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Traditional Music: Where are we going wrong?

Dave the Gnome 16 Oct 13 - 06:41 AM
GUEST,Blandiver 16 Oct 13 - 08:08 AM
Dave the Gnome 16 Oct 13 - 08:31 AM
Vic Smith 16 Oct 13 - 08:37 AM
GUEST,Blandiver 16 Oct 13 - 08:43 AM
Dave the Gnome 16 Oct 13 - 08:48 AM
GUEST,CS 16 Oct 13 - 08:55 AM
GUEST,Blandiver 16 Oct 13 - 09:06 AM
Dave the Gnome 16 Oct 13 - 09:17 AM
GUEST,Blandiver 16 Oct 13 - 09:25 AM
Lighter 16 Oct 13 - 09:26 AM
GUEST,Blandiver 16 Oct 13 - 09:36 AM
Dave the Gnome 16 Oct 13 - 09:39 AM
selby 16 Oct 13 - 10:06 AM
Jim Carroll 16 Oct 13 - 10:15 AM
GUEST,Blandiver 16 Oct 13 - 10:16 AM
GUEST,Blandiver 16 Oct 13 - 10:22 AM
Lighter 16 Oct 13 - 10:29 AM
GUEST 16 Oct 13 - 10:36 AM
GUEST,CS 16 Oct 13 - 10:43 AM
GUEST,Blandiver 16 Oct 13 - 11:15 AM
Suzy Sock Puppet 16 Oct 13 - 01:05 PM
Lighter 16 Oct 13 - 01:22 PM
Dave the Gnome 16 Oct 13 - 01:30 PM
Suzy Sock Puppet 16 Oct 13 - 01:40 PM
Jim Carroll 16 Oct 13 - 03:17 PM
Steve Shaw 16 Oct 13 - 09:13 PM
Jim Carroll 17 Oct 13 - 02:33 AM
Jim Carroll 17 Oct 13 - 07:43 AM
The Sandman 17 Oct 13 - 08:45 AM
Lighter 17 Oct 13 - 09:20 AM
GUEST,Spleen Cringe 17 Oct 13 - 11:47 AM
Dave the Gnome 17 Oct 13 - 12:14 PM
GUEST,Gourmet 18 Oct 13 - 03:19 AM
GUEST,Jon Dudley 18 Oct 13 - 05:16 AM
GUEST,eldergirl on another computer 18 Oct 13 - 06:33 PM
Jim Carroll 19 Oct 13 - 02:59 AM
Jack Blandiver 19 Oct 13 - 03:01 AM
Jack Blandiver 19 Oct 13 - 03:03 AM
GUEST,Allan Conn 19 Oct 13 - 05:13 AM
Jim Carroll 19 Oct 13 - 05:38 AM
Dave the Gnome 24 Oct 13 - 05:28 AM
Phil Edwards 24 Oct 13 - 07:07 AM
GUEST,Georgina Boyes 24 Oct 13 - 07:55 AM
Phil Edwards 24 Oct 13 - 09:07 AM
GUEST,Georgina Boyes 24 Oct 13 - 09:30 AM
Phil Edwards 24 Oct 13 - 10:30 AM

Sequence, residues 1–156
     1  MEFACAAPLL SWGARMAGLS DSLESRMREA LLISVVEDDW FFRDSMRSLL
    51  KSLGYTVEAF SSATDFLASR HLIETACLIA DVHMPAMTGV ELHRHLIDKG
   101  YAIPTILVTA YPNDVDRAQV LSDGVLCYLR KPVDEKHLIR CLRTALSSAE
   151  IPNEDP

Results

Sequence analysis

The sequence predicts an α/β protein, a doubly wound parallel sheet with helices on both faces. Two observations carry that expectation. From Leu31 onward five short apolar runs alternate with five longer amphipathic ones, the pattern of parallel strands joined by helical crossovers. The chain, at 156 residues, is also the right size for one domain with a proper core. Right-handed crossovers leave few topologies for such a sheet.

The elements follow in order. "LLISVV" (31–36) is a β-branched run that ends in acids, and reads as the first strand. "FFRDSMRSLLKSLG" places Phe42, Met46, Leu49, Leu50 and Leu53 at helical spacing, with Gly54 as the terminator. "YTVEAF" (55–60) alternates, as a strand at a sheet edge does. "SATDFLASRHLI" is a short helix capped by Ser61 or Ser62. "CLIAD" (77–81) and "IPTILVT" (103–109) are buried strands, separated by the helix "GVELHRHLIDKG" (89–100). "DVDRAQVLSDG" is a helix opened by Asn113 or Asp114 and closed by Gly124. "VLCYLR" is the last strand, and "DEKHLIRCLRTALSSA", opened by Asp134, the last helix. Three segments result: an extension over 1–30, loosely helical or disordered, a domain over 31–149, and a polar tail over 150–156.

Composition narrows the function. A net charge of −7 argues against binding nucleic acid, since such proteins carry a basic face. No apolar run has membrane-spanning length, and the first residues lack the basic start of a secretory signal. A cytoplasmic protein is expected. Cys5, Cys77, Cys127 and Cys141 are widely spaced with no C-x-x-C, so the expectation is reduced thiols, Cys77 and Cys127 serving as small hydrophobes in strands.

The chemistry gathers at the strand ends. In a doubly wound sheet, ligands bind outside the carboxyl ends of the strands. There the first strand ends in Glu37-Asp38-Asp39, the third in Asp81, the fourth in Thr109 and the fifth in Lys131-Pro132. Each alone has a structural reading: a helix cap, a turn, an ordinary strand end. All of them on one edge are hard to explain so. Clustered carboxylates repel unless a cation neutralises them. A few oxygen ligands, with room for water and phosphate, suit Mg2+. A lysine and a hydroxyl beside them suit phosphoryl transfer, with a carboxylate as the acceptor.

The Sandman 24 Oct 13 - 01:49 PM
SPB-Cooperator 25 Oct 13 - 04:26 AM
MartinRyan 25 Oct 13 - 04:40 AM
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Subject: RE: Traditional Music: Where are we going wrong?
From: Dave the Gnome
Date: 16 Oct 13 - 06:41 AM

the easy listening Folk 'n' Fun of Gary & Vera is born of a different earth to the unearthly Vocal Polyphony of workers on a collective farm in Albania.

Probably, but is that a problem? Why can they not both be folk music? I, amongskt many others, can relate far more to G&Vs songs than those of Albanian peasants, regardless of the quality or authenticity of the music.

As an example outside folk, André Rieu is still classed as classical albeit far more commercial than other musicians. I liked a quote from his Wiki entry -

The fact that Rieu's focus is on highly accessible, enjoyable repertoire is not an argument against his musical credentials.

Surely the same applies to Gary and Vera, Jasper Carrot, Mike Harding and many others in the 'folk scene' (Another deliberate use of quotes :-) )

Cheers

DtG


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Subject: RE: Traditional Music: Where are we going wrong?
From: GUEST,Blandiver
Date: 16 Oct 13 - 08:08 AM

I don't enjoy it at all - in fact, I find it irksome & depressing as hell (just as I find Les Barker totally unfunny and The Band Played Waltzing Matilda sentimental schlock). But that's a matter of taste & utter subjectivity, as all enjoyment is. But then, I'm not really a folky, only by unhappy accident and association because I just like certain aspects of Traditional Song & Balladry and it's darker offshoots. In this way 99% of so-called Folk Music goes over my head, or passes unnoticed beneath my dignity.

This is the problem with Folk - or else the certainties of music. As idioms it's easy to describe the easy listening of the Aspeys et al, just as Ethnomusicologists have written extensively on the vocal polyphony of Southern Albania. Both, I accept, can be thought as Traditional Musics well rooted in their respective communities*, but calling them Folk is to be talking about two very different usages of the word. Conflate the two at your peril!

* Name me one that isn't & I'll email you a pint.


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Subject: RE: Traditional Music: Where are we going wrong?
From: Dave the Gnome
Date: 16 Oct 13 - 08:31 AM

Probably no need to conflate, BD - They are both distinctive in their own rights. We could of course sub-genre-ise them (is there such a word?) but then when do we stop? I think it is pretty easy for anyone to tell the difference between the traditional musics of different communities. Explaining that they are both folk music is the tough one but I think most people have enough sense to accept both the similarities and the differences. It's all part and parcel of being a 'folky' and, simply because you understand these things, you must be one:-)

Now, about that ePint. I didn't understand the question I'm afraid :-(

Cheers

DtG